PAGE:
Along the Grapevine


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Sumac Meringue Pie

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Last Sunday it was a balmy -3 C, and for me the first opportunity of the year to get out and do some foraging. It just goes to show that even in this challenging climate, there is always something out there for the foraging enthusiast. Apart from having to negotiate the deep snow banks, I found this to be an ideal time to pick sumac. The flowers just snapped off, and the berries likewise were much easier to remove from the stems than they had been in the summer. In just a few minutes, I had a full bag of flowers, and the bushes still looked untouched.

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I started by making a sumac syrup, this time cooking it for longer than in my previous experiments. I  filled a crock pot about 3/4 full, poured water until the mixture reached the brim, and then cooked it on low for 12 hours. Then I strained the deep red juice through a coffee filter to be used in some new recipes. Here it is after 12 hours of stewing.

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The first is for a sumac meringue pie, which I present to The Novice Gardener’s Fiesta Friday for this week. Since my theory that sumac is the new lemon, it can replace the imported fruit just about anywhere, and what better place to begin than with a festive pie.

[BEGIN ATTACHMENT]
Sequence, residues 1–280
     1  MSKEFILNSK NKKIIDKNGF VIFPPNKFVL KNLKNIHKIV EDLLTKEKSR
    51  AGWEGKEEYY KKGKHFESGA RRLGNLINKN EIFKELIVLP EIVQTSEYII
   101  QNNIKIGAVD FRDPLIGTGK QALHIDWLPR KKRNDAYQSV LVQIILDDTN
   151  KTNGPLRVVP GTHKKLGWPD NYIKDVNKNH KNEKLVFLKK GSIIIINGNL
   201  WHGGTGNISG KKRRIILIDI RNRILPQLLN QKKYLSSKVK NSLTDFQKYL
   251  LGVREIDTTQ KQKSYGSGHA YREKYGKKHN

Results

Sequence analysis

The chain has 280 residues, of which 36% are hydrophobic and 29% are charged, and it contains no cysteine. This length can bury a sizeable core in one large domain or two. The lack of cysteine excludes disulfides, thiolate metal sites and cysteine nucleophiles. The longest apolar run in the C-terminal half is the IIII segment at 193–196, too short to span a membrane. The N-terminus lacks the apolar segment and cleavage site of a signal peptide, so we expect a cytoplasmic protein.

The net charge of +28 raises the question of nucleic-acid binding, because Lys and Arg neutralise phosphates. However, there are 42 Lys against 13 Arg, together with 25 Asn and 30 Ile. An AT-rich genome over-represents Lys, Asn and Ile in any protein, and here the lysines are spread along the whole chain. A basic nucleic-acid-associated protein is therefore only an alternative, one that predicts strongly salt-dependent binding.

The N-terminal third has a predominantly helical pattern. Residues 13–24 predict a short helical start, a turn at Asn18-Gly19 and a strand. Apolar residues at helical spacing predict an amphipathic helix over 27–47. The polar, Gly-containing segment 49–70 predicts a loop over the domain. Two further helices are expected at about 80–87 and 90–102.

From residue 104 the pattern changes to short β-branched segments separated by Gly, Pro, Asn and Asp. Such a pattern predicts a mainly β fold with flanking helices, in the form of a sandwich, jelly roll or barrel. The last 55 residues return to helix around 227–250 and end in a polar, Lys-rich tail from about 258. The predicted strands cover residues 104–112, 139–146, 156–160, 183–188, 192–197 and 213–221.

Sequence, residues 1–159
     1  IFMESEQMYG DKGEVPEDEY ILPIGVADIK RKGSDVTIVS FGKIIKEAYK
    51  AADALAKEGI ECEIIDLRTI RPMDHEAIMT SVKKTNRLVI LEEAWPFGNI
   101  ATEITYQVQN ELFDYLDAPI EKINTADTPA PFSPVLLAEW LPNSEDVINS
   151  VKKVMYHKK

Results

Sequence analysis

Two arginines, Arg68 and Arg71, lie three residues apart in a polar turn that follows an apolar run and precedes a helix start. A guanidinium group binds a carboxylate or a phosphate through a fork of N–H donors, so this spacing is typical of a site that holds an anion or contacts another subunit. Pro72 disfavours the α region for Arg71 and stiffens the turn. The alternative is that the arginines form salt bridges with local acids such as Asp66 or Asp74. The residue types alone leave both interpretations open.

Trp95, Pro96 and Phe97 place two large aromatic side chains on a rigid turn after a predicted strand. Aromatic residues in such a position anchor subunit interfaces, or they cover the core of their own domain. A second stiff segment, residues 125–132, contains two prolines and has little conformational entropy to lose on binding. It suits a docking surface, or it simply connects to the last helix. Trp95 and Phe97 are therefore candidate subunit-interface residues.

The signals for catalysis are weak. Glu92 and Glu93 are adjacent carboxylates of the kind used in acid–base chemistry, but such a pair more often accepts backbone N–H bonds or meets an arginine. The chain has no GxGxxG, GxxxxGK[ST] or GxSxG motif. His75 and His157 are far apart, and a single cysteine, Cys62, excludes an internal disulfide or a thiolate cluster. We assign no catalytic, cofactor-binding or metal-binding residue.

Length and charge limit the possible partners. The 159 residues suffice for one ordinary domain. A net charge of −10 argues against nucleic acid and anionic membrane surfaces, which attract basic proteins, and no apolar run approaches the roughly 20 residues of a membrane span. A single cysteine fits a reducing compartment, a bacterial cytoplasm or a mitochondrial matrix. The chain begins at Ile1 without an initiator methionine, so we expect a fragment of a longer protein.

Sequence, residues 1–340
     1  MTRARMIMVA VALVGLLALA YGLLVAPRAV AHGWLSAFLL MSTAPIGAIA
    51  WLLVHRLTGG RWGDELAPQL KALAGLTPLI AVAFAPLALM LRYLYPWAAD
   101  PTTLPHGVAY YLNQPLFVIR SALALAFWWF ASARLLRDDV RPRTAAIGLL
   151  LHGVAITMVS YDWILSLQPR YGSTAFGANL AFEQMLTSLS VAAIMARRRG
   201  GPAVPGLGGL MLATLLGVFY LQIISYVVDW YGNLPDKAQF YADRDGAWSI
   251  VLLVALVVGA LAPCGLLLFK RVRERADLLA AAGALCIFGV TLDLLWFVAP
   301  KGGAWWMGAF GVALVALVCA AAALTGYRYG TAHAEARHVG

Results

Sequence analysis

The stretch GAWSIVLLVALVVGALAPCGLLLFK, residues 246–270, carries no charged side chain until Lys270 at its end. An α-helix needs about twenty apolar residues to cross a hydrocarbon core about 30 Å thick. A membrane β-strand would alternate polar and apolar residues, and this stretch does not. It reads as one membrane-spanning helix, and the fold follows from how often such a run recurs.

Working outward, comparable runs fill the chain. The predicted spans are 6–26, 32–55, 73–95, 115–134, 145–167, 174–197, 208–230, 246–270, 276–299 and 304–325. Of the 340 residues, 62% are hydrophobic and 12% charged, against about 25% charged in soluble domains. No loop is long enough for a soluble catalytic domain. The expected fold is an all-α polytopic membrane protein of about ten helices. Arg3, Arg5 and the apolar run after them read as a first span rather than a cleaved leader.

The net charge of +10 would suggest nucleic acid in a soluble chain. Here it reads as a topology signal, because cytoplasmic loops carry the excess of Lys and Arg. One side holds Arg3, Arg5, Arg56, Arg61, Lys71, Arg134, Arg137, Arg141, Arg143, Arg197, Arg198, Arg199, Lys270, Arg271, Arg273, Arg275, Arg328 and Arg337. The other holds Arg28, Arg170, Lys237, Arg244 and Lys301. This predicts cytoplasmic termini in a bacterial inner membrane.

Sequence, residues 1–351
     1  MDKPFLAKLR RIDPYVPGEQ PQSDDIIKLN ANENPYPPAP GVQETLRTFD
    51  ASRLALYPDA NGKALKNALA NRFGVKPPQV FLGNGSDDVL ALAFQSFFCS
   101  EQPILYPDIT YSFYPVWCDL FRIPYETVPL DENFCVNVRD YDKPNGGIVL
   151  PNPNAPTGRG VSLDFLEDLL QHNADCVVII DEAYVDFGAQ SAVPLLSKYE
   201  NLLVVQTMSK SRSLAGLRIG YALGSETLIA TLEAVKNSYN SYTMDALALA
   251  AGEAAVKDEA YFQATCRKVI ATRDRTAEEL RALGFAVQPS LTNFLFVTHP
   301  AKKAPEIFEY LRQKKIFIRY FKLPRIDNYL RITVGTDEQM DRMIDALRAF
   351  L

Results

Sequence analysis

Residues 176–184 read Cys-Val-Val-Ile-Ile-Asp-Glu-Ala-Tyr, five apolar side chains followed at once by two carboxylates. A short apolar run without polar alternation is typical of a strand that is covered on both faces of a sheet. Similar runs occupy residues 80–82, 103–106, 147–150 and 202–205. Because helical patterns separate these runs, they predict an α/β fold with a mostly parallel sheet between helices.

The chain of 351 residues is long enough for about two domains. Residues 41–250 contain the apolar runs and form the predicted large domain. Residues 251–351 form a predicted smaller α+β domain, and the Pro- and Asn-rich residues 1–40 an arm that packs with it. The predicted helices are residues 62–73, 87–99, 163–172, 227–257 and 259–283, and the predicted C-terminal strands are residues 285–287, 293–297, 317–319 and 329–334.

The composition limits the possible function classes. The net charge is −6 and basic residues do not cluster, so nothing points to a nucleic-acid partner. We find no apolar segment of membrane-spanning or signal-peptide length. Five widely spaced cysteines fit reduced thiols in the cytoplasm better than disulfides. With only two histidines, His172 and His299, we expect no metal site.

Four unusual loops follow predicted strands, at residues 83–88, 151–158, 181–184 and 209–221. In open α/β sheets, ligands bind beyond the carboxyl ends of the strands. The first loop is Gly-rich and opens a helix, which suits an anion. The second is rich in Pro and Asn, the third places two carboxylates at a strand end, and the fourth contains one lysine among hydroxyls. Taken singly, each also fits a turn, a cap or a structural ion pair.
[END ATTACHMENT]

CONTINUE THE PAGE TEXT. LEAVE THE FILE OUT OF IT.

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To make the syrup: Measure off 4 cups of juice, add 1 cup of sugar and simmer until you have about 2 1/2 cups of syrup.

Pastry:  I used a recipe from La Petite Paniere, the one she uses for Tarte Tatin (which by the way I highly recommend) because I did not want a flaky, lard pastry but rather a buttery French style one. Or use your own favourite recipe for a meringue pie.

Filling

2 1/2 cups sumac syrup

1/4 cup tapioca or corn starch

5 egg yolks

Mix the starch together with the syrup until it thickens. Spoon some of the hot liquid into the beaten yolks and then add the egg yolk mixture into the syrup pot. Continue to cook and stir for a couple of minutes.

Meringue

5 egg whites

3/4 cup sugar

1/4 tsp cream of tartar

Beat the egg whites. When stiff, add the sugar and cream of tartar and continue to beat until peaks form.

The Pie

Pour the custard into a baked pie shell. Top with meringue and bake in a 350 oven until the meringue is golden on top. Allow to cool before cutting.

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This pie is not only local and organic, at least the sumac part, but also requires a lot less sugar than a lemon version. I hope this sumac meringue pie will help persuade the skeptics that even invasive weeds are sometimes worth considering as a valuable source of great food.


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Sumac Recipes